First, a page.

Researchers at North Carolina State University (NCSU) and the University of Wisconsin, Madison have developed a computational model that could boost investment in farm-based sustainable energy projects by allowing investors to more accurately predict whether a project will turn a profit. The model accounts for a variety of known factors, such as which species a farm is raising, the size of each farm and where each farm is located. But what sets the model apart is the way it accounts for uncertainty, explains Mahmoud Sharara, an assistant professor of biological and agricultural engineering at NCSU, telling users where a system should be located, what its capacity should be, and participation level (cluster size). Sharara is the lead author of a paper recently published on the work, “Planning methodology for anaerobic digestion systems on animal production facilities under uncertainty,” in the journal Waste Management.
Two case studies based on dairy production regions in Wisconsin were developed to test the model and demonstrate its capabilities. Herd sizes and spatial distribution in a given region were found to be critical factors in determining the viability of digestion projects in general, and collaborative digestion systems in particular. “Electricity sale price and biomethane potential of feedstock utilized were found to be the most restrictive to the feasibility of AD adoption,” summarizes the abstract of the paper. “Changing the optimization objective function, to adopting maximization, favored the formation of collaborative AD facilities for both case studies evaluated.”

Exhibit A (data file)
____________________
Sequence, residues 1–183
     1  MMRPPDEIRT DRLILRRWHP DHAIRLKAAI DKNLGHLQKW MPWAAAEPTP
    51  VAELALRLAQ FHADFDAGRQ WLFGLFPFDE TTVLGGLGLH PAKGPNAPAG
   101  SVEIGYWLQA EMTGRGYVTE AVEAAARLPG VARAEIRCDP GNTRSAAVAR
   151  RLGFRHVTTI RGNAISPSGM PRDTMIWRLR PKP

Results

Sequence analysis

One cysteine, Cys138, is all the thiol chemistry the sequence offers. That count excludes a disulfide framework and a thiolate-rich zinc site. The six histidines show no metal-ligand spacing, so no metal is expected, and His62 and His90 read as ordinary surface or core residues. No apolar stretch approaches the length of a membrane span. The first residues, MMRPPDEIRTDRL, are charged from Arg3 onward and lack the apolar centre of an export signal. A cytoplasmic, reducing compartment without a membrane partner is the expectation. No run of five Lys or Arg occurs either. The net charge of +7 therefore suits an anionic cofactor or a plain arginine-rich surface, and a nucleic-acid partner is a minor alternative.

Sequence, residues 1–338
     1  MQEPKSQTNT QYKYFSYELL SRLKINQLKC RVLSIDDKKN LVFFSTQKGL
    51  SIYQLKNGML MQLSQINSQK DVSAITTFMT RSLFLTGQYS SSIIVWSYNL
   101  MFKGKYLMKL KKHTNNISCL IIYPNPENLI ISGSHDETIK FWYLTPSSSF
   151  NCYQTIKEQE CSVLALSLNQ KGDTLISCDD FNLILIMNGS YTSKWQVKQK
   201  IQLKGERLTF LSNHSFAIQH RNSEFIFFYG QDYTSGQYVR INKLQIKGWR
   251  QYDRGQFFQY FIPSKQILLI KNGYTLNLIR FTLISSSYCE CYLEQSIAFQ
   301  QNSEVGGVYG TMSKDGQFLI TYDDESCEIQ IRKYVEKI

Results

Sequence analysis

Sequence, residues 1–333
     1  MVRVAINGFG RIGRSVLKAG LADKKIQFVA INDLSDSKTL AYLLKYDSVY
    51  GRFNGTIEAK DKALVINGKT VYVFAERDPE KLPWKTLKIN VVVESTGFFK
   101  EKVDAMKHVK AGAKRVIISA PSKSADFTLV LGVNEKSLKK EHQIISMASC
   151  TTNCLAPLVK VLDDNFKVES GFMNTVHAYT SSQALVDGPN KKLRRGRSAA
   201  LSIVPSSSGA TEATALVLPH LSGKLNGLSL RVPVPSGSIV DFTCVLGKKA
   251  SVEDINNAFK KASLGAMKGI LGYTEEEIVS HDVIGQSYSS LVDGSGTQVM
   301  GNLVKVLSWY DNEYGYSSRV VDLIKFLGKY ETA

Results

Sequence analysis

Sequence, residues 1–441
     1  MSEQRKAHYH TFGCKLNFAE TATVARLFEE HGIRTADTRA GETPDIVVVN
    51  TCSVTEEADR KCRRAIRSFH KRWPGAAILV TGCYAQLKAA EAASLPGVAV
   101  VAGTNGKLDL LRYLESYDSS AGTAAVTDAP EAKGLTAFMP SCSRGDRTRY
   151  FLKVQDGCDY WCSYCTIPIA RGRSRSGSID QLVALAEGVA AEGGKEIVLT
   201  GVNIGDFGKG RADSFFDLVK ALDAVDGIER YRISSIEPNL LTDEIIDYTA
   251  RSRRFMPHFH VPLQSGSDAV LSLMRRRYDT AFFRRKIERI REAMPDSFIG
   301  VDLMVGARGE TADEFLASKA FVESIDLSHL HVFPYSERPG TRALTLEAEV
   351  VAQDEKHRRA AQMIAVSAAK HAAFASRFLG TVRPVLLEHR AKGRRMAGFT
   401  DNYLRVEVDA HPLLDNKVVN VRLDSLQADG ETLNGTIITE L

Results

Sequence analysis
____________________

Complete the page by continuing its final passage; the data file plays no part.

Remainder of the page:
Notes Sharara: “We’re also hoping to work more closely with anaerobic digester system developers to fine-tune our assessment of the costs related to these systems,” notes Sharara. “And, ultimately, we’d like to expand our work to account for efforts to use the solids left behind after anaerobic digestion — such as projects that convert these solids into marketable fertilizer.” Coauthors of the paper are Maxwell Owusu-Twum, a visiting scholar at NC State; and Troy Runge and Rebecca Larson of the University of Wisconsin-Madison. The work was done with support from Dane County, Wisconsin.